Is the BBC biased and does it matter? Edward Driscoll, writing at TCS Daily, definitely beleives that the BBC is biased and brings forward some evidence to substantiate his claim. Mr Driscoll isn't alone- there is now a UK blog whose main subject is BBC bias, not to mention plenty of articles and even videos all documenting bias. Most of these websites are rightwing- but like the last one quoted there are quite a few leftwing critiques of the BBC as well.
Its worth thinking a little about this though: some of the criticism appears to me to be fairly accurate- there are times when unconsciously the stories that the BBC chooses to report and the way that for instance it will frame a story with facts reflect the way that its editors and reporters think. That is mostly unavoidable- selection of what to report will always go on within a news organisation and part of that selection will always rest upon someone's view of what is important about the world- and therefore be biased. Such bias though unconscious operates in all parts of the media and at all times. Interestingly such a bias becomes more evident the smaller the ammount of space devoted to reporting on issues- five minutes allows one to share all views, two minutes allows one to mention two views but thirty seconds only really allows a reporter to acknowledge a single view.
Its here that I would want to defend the BBC personally. The television networks often don't allow enough space for proper reporting but on Radio 4- and in particular with a couple of programs- File on 4, Analysis, In our Time, From our own Correspondent and Start the Week- the BBC devotes a great deal of space to a proper examination of issues. All of those programs, in very different ways, put out detailed examination of an issue. Some of them- File of 4- are explicitly campaigning and hence invite criticism and rebuttal- others, In our Time, are more analytical and set out to be a fairly accurate statement of the case of things as they exist in the world. It is on these programs- not the five item news service- that the BBC's reputation in my view stands. The most important and most damaging BBC bias- one it shares with almost all other media networks- is a bias against this type of programming, a bias for bitesize news made accessible. The problem with such coverage is that the news isn't accessible, nor is it bitesize- it requires a program that mentions the Isreali Palestinian conflict say to go into much more detail than you can in a five second segment.
Returning to the question of political bias, the BBC's bias though in my view cannot be equated with the bias of Fox News in the United States. It is important that we distinguish between the BBC's occasional unwillingness to be serious, and its framing of issues in a leftwing way- from Fox's determination to be on the 'right' side of every issue- to stand with the Republicans- and to only report things that serve the Republican cause. The BBC's bias is the kind of unavoidable bias and temporary error that every news organisation faces: Fox on the other hand is a deliberately untrustworthy network that funnels out propaganda for one side rather than another. Such statements as this (the link includes plenty of other incidences) from Bill O'Reilly,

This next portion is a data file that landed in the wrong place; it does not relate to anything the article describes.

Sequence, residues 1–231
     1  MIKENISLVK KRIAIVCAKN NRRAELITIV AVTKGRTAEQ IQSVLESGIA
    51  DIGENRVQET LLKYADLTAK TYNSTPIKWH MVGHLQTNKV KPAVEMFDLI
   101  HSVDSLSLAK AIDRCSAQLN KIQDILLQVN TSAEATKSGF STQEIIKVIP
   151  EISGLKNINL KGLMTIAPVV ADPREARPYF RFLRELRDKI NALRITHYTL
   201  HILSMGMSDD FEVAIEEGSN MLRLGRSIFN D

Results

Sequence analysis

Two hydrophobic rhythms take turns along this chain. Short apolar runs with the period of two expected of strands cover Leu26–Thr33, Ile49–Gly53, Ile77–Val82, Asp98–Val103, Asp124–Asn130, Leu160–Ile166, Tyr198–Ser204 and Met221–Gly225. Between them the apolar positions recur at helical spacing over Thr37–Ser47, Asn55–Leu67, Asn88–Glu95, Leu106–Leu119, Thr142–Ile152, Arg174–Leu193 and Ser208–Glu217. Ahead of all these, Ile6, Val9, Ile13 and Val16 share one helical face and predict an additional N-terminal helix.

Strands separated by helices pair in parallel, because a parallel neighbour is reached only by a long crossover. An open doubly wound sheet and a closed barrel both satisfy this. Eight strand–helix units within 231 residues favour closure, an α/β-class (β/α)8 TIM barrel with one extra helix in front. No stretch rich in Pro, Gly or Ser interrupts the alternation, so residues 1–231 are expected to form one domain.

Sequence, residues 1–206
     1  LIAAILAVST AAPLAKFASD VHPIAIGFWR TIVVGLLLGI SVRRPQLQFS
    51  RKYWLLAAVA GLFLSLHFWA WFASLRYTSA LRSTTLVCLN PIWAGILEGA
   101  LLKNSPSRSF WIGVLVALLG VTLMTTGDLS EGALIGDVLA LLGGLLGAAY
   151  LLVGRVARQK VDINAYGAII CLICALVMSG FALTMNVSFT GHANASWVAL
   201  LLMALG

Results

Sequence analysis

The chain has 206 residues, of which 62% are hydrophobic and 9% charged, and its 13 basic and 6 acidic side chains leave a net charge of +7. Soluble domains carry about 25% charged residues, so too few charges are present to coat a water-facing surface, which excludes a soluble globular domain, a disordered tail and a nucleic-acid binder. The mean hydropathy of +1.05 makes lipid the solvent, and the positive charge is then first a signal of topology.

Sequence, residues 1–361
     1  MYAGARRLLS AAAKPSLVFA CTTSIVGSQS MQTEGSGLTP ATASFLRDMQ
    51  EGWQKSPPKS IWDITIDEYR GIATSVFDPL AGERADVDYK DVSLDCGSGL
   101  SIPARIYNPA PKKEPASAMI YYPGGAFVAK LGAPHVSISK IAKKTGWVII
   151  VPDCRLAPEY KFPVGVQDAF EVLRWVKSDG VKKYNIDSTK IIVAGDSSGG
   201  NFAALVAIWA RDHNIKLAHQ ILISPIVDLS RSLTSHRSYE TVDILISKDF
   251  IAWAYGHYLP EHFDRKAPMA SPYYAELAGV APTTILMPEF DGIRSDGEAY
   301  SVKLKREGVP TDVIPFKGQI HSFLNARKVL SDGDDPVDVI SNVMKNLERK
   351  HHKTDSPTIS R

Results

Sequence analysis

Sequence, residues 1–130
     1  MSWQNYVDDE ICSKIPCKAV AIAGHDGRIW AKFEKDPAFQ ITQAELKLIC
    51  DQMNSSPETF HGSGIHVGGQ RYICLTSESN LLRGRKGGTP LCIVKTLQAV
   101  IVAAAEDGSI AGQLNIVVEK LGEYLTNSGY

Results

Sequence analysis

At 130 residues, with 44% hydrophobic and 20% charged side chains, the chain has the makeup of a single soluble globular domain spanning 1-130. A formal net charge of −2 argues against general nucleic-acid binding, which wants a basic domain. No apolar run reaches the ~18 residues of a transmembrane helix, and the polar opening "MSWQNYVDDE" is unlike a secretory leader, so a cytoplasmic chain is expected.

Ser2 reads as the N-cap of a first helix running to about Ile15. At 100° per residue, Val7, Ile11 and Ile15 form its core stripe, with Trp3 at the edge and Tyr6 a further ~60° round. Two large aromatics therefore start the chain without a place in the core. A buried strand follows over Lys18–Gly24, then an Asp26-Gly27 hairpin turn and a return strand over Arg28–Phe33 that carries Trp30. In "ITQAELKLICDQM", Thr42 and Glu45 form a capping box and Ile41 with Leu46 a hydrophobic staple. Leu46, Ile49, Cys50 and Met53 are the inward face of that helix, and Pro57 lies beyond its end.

Coming next, drug addicted pregnant women no longer have anything to fear from the authorities thanks to the Supreme Court. Both sides on this in a moment."--Bill O'Reilly (3/23/01)
would never be heard on the BBC. As Scott Norvell recently admitted Fox is a conservative organisation and seeks to be from the start. The BBC does not seek to be a Labour supporting or leftwing organisation even if its unconscious biases may take it there sometimes.
But lastly advocates against the BBC would hold that this unconscious bias means that the organisation should be decoupled from the license fee and that it should be privatised. There is an argument to be had about privatisation- but I don't think that the bias proves that privatisation should happen. The argument is really about the services the BBC provides that noone in the private sector has ever seemed able to provide- the programs I have cited from above which give a viewer or listener an insight into the world unavailable in other places. The problem with privatisation might well be the loss of such programs and consequently the loss of a space for considered reflection about things in the world. No other news organisation that I know of- not Fox, CNN, 18 Doughty Street, Channel 4, or any other (PBS in the States might be an interesting exception) has these kinds of programs on- and without them I feel that British political discourse would suffer. The argument about the license fee is ultimately one that is much wider than this- and I don't want to get into it other than providing this one statement- that the BBC does things that if it were not there, might not be done and we would all be poorer.
At the moment- thanks to a variety of factors- political discussion across the West is becoming less informed and nastier. 24 hour news has not produced advanced knowledge about the news, rather it produces a rolling series of 5 items and bolsters ignorance. The proliferation of channels like the UK's 18 Doughty Street has encouraged concentration in the minutiae of who said what to who at which time- Doughty Street running attack ads as part of its main business symbolises how unReithian it is. UK newspapers too often are less enlightening than they are partisan- it is to the BBC's credit that five or six times a week it ploughs a furrow that few people wish to plough, it educates rather than fulminates- that's something worth thinking about when discussing its bias- because no matter what else the Corporation may be, and contaminated by the sins of the times- triviality for example- as it is, it does maintain those other programs which noone else seems willing to maintain.